Many seem to think that the blood is there, so that if we have sinned again, we can turn again to it to be cleansed. But this is not so. Just as a fountain flows always, and always purifies what is placed in it or under its stream, so it is with this Fountain, opened for sin and uncleanness (Zech. xiii. i). The eternal power of life of the Eternal Spirit works through the blood. Through Him the heart can abide always under the flow, and CLEANSING of the Blood.

In the Old Testament CLEANSING was necessary for each sin. In the New Testament CLEANSING depends on Him who ever lives to intercede. When faith sees and desires and lays hold of this fact, the heart can abide every moment under the protecting and CLEANSING tower of the blood.


Everyone who through faith obtains a share in the atoning merit of the blood of Christ, has a share also in its CLEANSING efficacy. But the experience of its power to cleanse, is, for several reasons, sadly imperfect. It is therefore of great importance to understand what the conditions are for the full enjoyment of this glorious blessing.

i. First of all knowledge is necessary. Many think that pardon of sin is all that we receive through the blood. They ask for and so obtain nothing more.

It is a blessed thing to begin to see that the Holy Spirit of God has a special purpose in making use of different words in Scripture concerning the effects of the blood. Then we begin to inquire about their special meaning. Let everyone who truly longs to know what the Lord desires to teach us by this one word CLEANSING, attentively compare all the places in Scripture where the word is used, where CLEANSING is spoken o£ He will soon feel that there is more promised to the believer than the removal of guilt. He will begin to understand that CLEANSING through washing can take away stain, and although he cannot fully explain in what way this takes place, he will, however, be convinced that he may expect a blessed inward operation of the CLEANSING away of the effects of sin, by the blood. Knowledge of this FACT is the first condition of experiencing it.

ii. Secondly:-There must be desire.

It is to be feared that our Christianity is only too pleased to postpone to a future life the experience of the Beatitude which our Lord intended for our earthly life:-"Blessed are the pure in heart, for they shall see God."

It is not sufficiently recognised that PURITY OF HEART is a characteristic of every child of God, because it is the necessary condition of fellowship with Him, of the enjoyment of His salvation. There is too little inner longing to be really in all things, at all times, well pleasing to the Lord. Sin and the stain of sin trouble us too little.

God's Word comes to us with the promise of blessing which ought to awaken all our desires. Believe that the blood of Jesus cleanses from all sin. If you learn how to yield yourself up aright to its operation it can do great things in you. Should you not every hour desire to experience its glorious cleansing efficacy F to be preserved, in spite of your depraved nature, from the many stains for which your conscience is constantly accusing you ? May your desires be awakened to long for this blessing. Put God to the test to work out in you what He as the Faithful One has promised:-CLEANSING from all unrighteousness.

iii. The third condition is a willingness to separate yourself from every thing that is unclean. Through sin everything in our nature, and in the world, is defiled. CLEANSING cannot take place where there is not an entire separation from, and giving up of everything unclean. "Touch not the unclean thing" is God's command to His chosen ones. I must recognise that all the things surrounding me are unclean.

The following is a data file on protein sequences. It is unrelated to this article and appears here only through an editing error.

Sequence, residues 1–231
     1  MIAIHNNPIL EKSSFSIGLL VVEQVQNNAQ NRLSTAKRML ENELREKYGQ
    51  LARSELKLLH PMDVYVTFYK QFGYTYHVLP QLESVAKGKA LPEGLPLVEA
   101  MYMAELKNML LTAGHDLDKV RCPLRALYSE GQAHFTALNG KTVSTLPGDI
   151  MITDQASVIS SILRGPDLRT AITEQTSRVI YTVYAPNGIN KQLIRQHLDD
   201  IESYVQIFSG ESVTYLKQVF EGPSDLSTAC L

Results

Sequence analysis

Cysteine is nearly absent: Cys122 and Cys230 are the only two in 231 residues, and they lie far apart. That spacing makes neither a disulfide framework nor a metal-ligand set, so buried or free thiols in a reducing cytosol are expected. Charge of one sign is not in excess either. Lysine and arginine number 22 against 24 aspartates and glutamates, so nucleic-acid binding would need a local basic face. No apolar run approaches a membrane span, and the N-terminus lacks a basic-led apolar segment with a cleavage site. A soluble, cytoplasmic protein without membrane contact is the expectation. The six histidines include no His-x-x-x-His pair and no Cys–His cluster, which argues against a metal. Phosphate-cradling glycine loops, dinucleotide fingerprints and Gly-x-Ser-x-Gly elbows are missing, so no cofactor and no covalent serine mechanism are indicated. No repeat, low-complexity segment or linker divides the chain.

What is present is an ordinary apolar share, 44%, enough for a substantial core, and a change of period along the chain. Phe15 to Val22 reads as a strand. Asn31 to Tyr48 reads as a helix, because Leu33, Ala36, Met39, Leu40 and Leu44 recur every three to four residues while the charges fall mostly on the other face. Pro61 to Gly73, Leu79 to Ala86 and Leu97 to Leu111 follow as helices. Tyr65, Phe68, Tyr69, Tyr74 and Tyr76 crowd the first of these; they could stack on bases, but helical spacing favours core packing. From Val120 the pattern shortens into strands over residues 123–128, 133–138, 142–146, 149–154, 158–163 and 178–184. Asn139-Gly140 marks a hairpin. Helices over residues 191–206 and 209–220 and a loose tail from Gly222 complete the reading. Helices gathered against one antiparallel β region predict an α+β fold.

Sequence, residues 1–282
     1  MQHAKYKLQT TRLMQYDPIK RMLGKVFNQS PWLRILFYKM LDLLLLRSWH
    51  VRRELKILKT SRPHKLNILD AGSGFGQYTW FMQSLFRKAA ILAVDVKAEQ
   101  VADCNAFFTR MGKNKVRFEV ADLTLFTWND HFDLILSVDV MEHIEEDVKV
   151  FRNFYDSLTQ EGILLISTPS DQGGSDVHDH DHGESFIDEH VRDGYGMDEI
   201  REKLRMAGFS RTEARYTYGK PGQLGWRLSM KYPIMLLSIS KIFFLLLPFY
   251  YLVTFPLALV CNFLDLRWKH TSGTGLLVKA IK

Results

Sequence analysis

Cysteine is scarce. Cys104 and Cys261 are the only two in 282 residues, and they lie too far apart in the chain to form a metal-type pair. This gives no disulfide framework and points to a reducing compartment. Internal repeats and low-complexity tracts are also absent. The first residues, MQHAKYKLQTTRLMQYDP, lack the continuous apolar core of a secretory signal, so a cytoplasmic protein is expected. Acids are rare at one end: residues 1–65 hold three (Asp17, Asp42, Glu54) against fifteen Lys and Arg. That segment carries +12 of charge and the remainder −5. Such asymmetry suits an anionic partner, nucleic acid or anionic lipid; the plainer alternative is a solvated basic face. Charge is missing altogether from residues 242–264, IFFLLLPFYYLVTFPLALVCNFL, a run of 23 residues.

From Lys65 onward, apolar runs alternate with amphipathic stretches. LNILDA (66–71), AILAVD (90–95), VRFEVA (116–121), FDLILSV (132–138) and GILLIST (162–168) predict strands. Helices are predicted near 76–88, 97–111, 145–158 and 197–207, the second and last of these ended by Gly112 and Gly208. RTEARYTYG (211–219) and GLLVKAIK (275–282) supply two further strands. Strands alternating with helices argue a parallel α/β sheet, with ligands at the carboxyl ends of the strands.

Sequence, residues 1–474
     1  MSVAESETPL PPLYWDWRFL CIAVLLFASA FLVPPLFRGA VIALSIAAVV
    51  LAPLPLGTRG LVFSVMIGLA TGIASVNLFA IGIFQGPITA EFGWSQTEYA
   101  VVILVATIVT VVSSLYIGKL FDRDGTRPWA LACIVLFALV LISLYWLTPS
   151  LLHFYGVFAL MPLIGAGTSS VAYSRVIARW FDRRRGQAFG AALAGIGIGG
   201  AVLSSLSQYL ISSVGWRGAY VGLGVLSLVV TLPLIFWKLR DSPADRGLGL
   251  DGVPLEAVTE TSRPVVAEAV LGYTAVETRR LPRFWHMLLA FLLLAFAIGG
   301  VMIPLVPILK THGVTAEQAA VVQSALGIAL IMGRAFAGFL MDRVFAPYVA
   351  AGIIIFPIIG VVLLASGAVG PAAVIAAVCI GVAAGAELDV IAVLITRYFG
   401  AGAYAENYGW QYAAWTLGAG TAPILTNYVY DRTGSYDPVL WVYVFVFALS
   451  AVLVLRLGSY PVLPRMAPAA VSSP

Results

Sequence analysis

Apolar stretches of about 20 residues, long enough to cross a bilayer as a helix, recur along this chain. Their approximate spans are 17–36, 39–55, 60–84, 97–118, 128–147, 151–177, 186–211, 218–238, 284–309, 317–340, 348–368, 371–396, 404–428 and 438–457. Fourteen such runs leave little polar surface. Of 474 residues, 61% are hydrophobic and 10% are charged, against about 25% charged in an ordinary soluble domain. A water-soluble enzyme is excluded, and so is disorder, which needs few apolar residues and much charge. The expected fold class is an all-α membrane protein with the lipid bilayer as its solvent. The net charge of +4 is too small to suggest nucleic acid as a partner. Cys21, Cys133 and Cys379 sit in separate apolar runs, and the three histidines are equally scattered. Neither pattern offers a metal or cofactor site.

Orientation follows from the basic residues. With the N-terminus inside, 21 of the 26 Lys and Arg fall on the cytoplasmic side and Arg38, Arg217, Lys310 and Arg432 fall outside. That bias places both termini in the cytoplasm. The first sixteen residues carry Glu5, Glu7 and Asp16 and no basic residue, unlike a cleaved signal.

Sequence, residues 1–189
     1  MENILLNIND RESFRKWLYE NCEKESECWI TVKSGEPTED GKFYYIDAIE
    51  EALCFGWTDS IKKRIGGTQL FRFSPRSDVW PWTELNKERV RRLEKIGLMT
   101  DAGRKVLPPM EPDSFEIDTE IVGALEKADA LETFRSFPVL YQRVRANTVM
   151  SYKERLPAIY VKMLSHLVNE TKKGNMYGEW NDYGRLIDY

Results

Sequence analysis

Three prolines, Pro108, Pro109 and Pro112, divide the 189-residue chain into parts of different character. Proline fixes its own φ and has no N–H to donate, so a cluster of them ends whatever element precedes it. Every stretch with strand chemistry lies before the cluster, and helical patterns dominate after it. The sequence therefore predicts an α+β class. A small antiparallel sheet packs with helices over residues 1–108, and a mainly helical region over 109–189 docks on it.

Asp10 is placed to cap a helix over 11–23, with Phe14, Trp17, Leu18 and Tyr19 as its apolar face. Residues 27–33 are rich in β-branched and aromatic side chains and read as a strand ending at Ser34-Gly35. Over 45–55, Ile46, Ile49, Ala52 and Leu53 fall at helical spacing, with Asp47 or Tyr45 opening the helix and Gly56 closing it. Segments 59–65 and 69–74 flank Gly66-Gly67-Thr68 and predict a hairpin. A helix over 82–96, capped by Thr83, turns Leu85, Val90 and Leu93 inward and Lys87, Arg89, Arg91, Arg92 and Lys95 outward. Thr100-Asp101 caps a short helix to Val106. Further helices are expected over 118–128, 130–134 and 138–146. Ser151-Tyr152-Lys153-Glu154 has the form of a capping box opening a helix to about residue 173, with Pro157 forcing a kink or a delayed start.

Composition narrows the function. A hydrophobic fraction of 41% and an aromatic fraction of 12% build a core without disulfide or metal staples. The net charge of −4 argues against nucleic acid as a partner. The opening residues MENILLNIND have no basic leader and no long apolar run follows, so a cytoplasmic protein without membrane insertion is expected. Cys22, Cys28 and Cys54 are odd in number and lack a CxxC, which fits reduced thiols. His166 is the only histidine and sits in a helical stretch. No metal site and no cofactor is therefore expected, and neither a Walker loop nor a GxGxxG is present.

My friends, my possessions, my spirit, must all be surrendered that I may be CLEANSED in each relationship by the precious blood, and that all the activities of my spirit, soul, and being, may experience a thorough CLEANSING.

He who will keep back anything however small cannot obtain the full blessing. He who is willing to pay the full price so as to have his whole being baptised by the bood is on the way to understand fully this word, The blood of Jesus cleanseth from all sin.

iv. The last condition is exercising faith in the power of the blood. It is not as if we, through our faith, bestow its efficacy upon the blood. No, the blood ever retains its power and efficacy, but our unbelief closes our hearts, and hinders its operation, Faith is simply the removal of that hindrance, the setting open of our hearts, for the divine power by which the living Lord will bestow His blood.

Yes, let us believe that there is CLEANSING through the blood.

You have perhaps seen a spring in the midst of a patch of grass. From the much travelled road that runs by that patch, dust is constantly falling over the grass that grows by the side of the road, but where the water from the spring falls in refreshing and cleansing spray, there is no sign of dust, everything is green and fresh. So the precious blood of Christ carries on its blessed work without ceasing in the soul of the believer, who by faith appropriates it. He who by faith commits himself to the Lord, and believes that this can and will take place, it will be given to him.

The heavenly, spiritual effect of the blood can be really experienced every moment. Its power is such that I can always abide in the fountain, always dwell in the wounds of my Lord.

Believer, come, I entreat of you, put it to the proof how the blood of Jesus can cleanse your heart from all sin.

You know with what joy a weary traveller would bathe in a fresh stream, plunging into the water to experience its cooling, and cleansing, and strengthening effect. Lift up your eyes and see by faith how ceaselessly a stream flows from heaven above to earth beneath. It is the blessed Spirit's influence, through whom the power of the blood of Jesus flows earthwards over souls, to heal and to purify them. Oh! place yourself in this stream, simply believe that the words, "The blood of Jesus cleanseth from all sin," have a divine meaning, deeper, wider, than you have ever imagined. Believe that it is the Lord Jesus Himself who will cleanse you in His blood, and fulfil His promise in power in you. And reckon on the cleansing from sin by His blood, as a blessing, in the daily enjoyment of which you can confidently abide.

 2016/4/16 15:32